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MCU fails for the second time

Sorry I may have misread, if you flash is gone (known to go bad on earlier cars or older MCUs) than your MCU is toast, its embeded. As others have said, rooted Tesla's and their support networks have disabled many logging features in an effort to preserve flash life. Hell, I have a salvage MCU off a 2014 with 12000 miles and my flash started acting up recently.
 

verygreen

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Not really, from the photos of the CID that I have seen, the flash appears soldered on to the logic board. If that is what failed, even if you replaced it, you would likely be SOL, as you wouldn't have the raw firmware/bootloader on them to actually boot your system (unless you took the replacement chips from known good board and installed them on the same pads they came from).
Actually there are multiple flash devices in there. Bootloader and kernel/ramdisk are stored on a different flash that than the one that is failing due to all the logging.
Granted, there's still no firmware in the new one you'd put, but it's relatively easy to put one in.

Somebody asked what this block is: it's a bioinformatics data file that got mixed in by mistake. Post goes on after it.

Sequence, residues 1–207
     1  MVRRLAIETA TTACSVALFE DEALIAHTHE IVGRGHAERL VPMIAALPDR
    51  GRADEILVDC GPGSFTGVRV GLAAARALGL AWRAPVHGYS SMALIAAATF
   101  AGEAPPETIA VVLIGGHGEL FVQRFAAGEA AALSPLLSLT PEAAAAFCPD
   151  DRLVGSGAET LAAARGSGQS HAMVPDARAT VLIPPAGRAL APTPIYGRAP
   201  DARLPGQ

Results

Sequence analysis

appleguru

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Actually there are multiple flash devices in there. Bootloader and kernel/ramdisk are stored on a different flash that than the one that is failing due to all the logging.
Granted, there's still no firmware in the new one you'd put, but it's relatively easy to put one in.

Interesting. When the emmc fails, what symptoms does the CID present? Does it not boot at all? Backlights come on but no UI? Boots mainline, but can't write or mount the emmc log partition? (I would presume it would throw a "contact Tesla" type error in this case but otherwise function...)

Sounds like they made some boneheaded logging decisions and/or hardware choices for emmc (or the emmc didn't/doesn't have a good enough controller or enough "unused" memory to do proper flash maintenence).
 

verygreen

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Interesting. When the emmc fails, what symptoms does the CID present? Does it not boot at all? Backlights come on but no UI? Boots mainline, but can't write or mount the emmc log partition? (I would presume it would throw a "contact Tesla" type error in this case but otherwise function...)

Sounds like they made some boneheaded logging decisions and/or hardware choices for emmc (or the emmc didn't/doesn't have a good enough controller or enough "unused" memory to do proper flash maintenence).
I suspect the symptoms are "cid shows black screen", but also depends on emmc failure mode - i.e. could the existing data be read or not.
If it could be read then probably actual gui or parts of it can come up.